Slow sales dim hopes of economic rebound in third quarter

Slow sales dim hopes of economic rebound in third quarter
JOHANNESBURG – Retail sales inched-up marginally in September, dimming hopes of an economic rebound in the third quarter.

Data from Statistics South Africa (StatsSA) on Wednesday showed that retail sales rose 0.2 percent in September compared with a revised 1 percent increase in the prior month, showing that growth was likely to remain flat in the third quarter as consumer sentiment remained negative.

The economy expanded 3.1 percent in the second quarter, following a 3.2 percent contraction in the first quarter – the largest in more than a decade.

StatsSA said seasonally adjusted volumes rose 0.5 percent month on month in September, from a decline of 1.1 percent in the prior month.

FNB economist Siphamandla Mkhwanazi said the softening continued to depict a muted demand environment.

Mkhwanazi said the relief that came after the SA Reserve Bank cut interest rates by 0.25 percentage points in July failed to reignite consumer spending as retail sales inflation remained higher.

“This suggests that the third quarter retail sales were flat on a quarter-on-quarter basis, and, as such, would have no contribution to the third-quarter gross domestic product growth,” Mkhwanazi said.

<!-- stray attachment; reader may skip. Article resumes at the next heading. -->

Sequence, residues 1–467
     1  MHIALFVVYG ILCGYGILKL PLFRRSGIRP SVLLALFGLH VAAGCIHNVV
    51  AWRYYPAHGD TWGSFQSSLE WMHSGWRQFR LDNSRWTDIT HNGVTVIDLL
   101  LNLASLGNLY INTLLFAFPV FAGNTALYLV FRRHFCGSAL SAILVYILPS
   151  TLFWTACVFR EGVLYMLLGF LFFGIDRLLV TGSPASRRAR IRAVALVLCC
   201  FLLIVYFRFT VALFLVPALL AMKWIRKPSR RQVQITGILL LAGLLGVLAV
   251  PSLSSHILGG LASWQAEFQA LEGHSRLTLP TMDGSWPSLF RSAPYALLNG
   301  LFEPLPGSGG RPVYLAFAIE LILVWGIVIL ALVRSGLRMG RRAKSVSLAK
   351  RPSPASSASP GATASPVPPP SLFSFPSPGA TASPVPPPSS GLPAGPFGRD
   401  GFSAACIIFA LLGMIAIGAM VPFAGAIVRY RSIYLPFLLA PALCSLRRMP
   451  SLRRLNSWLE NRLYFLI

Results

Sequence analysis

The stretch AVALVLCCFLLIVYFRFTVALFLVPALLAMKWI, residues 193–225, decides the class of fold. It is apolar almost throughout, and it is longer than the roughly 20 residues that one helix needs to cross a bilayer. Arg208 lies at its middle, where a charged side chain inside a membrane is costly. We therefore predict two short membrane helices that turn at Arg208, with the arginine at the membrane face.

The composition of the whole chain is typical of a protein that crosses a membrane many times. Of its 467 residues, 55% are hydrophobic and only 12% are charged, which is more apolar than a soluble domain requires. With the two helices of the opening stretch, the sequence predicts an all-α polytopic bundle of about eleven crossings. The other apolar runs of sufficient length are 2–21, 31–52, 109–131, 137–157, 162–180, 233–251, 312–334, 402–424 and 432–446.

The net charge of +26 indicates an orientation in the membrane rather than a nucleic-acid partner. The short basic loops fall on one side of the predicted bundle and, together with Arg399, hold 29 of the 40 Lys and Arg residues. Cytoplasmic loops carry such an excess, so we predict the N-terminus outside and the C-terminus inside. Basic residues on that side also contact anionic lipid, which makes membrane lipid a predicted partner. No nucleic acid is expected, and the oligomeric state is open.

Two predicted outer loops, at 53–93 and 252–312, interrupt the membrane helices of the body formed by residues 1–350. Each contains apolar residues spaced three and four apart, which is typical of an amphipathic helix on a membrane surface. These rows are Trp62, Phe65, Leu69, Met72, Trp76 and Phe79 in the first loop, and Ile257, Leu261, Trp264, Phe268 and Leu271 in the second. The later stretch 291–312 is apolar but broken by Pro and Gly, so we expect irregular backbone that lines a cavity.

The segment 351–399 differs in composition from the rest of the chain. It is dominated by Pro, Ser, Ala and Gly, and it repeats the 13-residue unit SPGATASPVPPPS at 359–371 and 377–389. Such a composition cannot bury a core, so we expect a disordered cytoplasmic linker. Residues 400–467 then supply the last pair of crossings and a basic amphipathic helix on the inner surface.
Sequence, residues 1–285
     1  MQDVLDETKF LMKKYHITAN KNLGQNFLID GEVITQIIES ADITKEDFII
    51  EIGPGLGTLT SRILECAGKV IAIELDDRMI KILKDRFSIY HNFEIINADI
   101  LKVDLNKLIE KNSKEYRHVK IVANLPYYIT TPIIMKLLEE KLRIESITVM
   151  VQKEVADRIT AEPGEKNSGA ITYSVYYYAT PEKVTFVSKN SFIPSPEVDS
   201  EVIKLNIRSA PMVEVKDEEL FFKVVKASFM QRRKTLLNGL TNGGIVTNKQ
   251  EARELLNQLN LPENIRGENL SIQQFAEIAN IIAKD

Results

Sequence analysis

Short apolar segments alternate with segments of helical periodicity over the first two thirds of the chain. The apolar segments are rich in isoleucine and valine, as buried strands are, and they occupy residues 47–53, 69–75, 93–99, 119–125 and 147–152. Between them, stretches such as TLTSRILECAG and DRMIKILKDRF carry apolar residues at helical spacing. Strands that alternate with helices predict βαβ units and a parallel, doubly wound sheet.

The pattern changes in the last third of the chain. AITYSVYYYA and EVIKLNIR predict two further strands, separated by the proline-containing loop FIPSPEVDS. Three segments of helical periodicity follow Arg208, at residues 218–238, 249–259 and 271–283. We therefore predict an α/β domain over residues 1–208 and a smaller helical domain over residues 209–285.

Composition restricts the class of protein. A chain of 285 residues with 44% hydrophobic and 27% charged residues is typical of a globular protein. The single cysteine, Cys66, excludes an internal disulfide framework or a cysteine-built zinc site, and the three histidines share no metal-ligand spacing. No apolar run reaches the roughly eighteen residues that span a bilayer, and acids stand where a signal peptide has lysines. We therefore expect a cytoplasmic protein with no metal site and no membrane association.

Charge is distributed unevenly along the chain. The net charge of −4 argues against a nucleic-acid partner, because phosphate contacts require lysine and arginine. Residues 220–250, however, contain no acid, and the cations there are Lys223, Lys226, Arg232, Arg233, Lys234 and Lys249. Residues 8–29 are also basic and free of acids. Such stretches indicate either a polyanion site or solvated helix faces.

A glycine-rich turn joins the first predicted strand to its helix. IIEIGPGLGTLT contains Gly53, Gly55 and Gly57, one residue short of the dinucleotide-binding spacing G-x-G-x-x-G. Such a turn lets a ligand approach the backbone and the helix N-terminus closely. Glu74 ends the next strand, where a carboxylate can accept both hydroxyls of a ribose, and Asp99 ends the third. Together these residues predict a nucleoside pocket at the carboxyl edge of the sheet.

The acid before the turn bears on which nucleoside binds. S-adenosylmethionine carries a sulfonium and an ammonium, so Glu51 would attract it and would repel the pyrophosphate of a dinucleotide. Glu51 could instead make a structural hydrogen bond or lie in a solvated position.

“A slowing trend in retail sales is consistent with the souring of consumer sentiment, as shown by the capitulation of the FNB/BER Consumer Confidence Index. This bolsters our view that consumers have become more price sensitive.”

Overall retail sales increased by 1.1 percent compared with the third quarter of 2018.

Investec economist Lara Hodes said the subdued data was largely underpinned by a substantial deterioration in the forward-looking sub-index of the consumer confidence index, which signalled expected economic performance.

“The restrained retail environment emphasises the plight of the South African consumer, which continues to face a myriad challenges, including structurally high unemployment rates amid a sluggish labour market, slowing wage growth and markedly higher administered prices,” Hodes said.

“This suggests a further drop in consumers’ willingness to spend, which does not bode well for household consumption expenditure and therefore economic growth in the near term.”

StatsSA said retailers in textiles, clothing, footwear and leather goods grew 3 percent, while general dealers fell 0.7 percent in September.

Mkhwanazi said the persistently low retail inflation readings, which remained below headline inflation level, demonstrated retailers’ inability to pass on price increases amid intensified bargain hunting by consumers.

“Looking ahead, while households’ appetite for credit remained reasonably strong, the persistent pressures on disposable incomes and the rapidly weakening credit scores meant a narrowing scope for consumers to take up more debt,” Mkhwanazi said.

“This, combined with the deterioration in consumer sentiment, suggests a relatively tepid medium- to longer-term household consumption prognosis. More immediate, however, we expect a transitory uptick in retail sales in heading into the festive season as consumers take advantage of discounted pricing.”